Who indeed is the terrorist in this scenario, is entirely down to one’s own narrative and perception.
Those of the Scottish political establishment who choose the ‘terrorist’ narrative are usually belonging to the same political party whose former leader, and warmonger in chief of the Islas Malvinas (Falklands), Thatcher, once had the enraging ignorance to allow her party to print t shirts emblazoned, ‘Hang Nelson Mandela’ whilst allowing senior MPs like Terry Dicks to declare Mandela simply as a ‘black terrorist…’ as late as 1990. (The Independent, 09/12/2013)
The point being made here is that perhaps the Conservatives chosen narratives are emanating from a ‘moral’ compass which is far too poisoned and blood soaked by historical policies of imperialism, war and anti republicanism in order to be taken too seriously when defining who the enemy or ‘terrorist’ really is.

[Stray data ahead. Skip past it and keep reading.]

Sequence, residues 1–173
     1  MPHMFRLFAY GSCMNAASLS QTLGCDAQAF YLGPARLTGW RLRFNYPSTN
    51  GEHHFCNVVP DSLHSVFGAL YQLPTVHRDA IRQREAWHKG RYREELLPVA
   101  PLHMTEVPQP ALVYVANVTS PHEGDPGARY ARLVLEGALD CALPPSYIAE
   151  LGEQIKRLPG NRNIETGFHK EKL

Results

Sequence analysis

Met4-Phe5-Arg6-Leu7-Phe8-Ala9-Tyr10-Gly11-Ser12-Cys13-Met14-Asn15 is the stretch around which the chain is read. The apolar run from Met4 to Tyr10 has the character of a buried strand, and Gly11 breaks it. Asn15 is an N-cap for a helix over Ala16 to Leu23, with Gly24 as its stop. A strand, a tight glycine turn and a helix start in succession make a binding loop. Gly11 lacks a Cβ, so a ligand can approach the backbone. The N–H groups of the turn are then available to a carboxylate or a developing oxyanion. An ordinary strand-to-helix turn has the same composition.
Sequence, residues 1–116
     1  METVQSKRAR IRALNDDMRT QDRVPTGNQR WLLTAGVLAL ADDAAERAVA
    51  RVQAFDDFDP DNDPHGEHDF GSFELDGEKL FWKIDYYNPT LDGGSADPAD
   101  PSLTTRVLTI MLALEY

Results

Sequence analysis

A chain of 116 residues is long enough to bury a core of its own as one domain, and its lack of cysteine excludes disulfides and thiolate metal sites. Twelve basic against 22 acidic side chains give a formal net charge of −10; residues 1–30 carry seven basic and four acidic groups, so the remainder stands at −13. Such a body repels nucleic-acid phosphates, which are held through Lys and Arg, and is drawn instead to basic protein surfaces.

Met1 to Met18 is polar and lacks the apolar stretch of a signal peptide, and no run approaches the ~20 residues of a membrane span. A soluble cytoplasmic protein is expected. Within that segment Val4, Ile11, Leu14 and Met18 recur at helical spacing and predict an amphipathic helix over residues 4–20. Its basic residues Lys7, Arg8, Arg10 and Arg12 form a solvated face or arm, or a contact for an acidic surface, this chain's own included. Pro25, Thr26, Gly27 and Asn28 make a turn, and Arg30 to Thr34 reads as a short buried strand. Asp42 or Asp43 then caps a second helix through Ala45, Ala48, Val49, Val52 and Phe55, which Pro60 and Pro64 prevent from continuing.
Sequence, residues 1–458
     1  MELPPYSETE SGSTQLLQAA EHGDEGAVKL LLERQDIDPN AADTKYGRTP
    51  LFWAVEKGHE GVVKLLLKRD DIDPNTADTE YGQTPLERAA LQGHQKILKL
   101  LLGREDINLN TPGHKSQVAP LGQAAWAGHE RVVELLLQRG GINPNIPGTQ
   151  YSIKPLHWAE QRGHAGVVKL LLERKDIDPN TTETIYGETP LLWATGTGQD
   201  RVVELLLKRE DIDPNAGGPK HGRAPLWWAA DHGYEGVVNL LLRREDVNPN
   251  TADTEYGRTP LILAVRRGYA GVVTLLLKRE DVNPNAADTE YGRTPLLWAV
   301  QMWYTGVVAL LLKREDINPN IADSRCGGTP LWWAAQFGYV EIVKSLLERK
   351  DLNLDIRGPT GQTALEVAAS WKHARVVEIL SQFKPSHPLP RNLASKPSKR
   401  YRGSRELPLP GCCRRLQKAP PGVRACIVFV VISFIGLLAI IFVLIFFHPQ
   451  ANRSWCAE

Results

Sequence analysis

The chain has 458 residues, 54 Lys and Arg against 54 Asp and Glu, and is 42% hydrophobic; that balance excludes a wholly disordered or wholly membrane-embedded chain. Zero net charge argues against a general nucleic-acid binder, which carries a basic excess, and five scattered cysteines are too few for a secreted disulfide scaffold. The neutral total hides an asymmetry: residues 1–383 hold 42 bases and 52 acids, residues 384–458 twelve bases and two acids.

‘…is another man’s Freedom Fighter’
Connolly as anti imperialist revolutionary in the name of Socialism however, continually sacrificing himself to fight for ‘the other man’ with certain martyrdom of his own short life almost a guarantee, is more accurate and justified.
In reference to his Socialist Republicanism one should remember some of his last words which were declared in the weeks before the 1916 Rising in which he stated that to raise the Green, White and Gold tricolour of Eire in place of the Union Jack would be useless if not the Red flag of Socialism was raised alongside it.
Flags may change and new landlords found, but Connolly believed only a Socialist Republic can provide the people of their own land with true collective ownership of power.
If any doubt lingers over this notion consider the extent to which imperialist nations go into hyper-drive in their attempts to thwart nearby Socialist risings. For example, the US with Cuba, El Salvador or Nicaragua. Not to mention the British in relation to the United Irish rebellion of 1798 led by visionary Republican and champion of the United Irishmen movement, Theobald Wolfe Tone.
In his own words Connolly subscribed vehemently to such anti imperialist ideals, in his 1898 lecture, ‘Men of Honour‘ he wrote,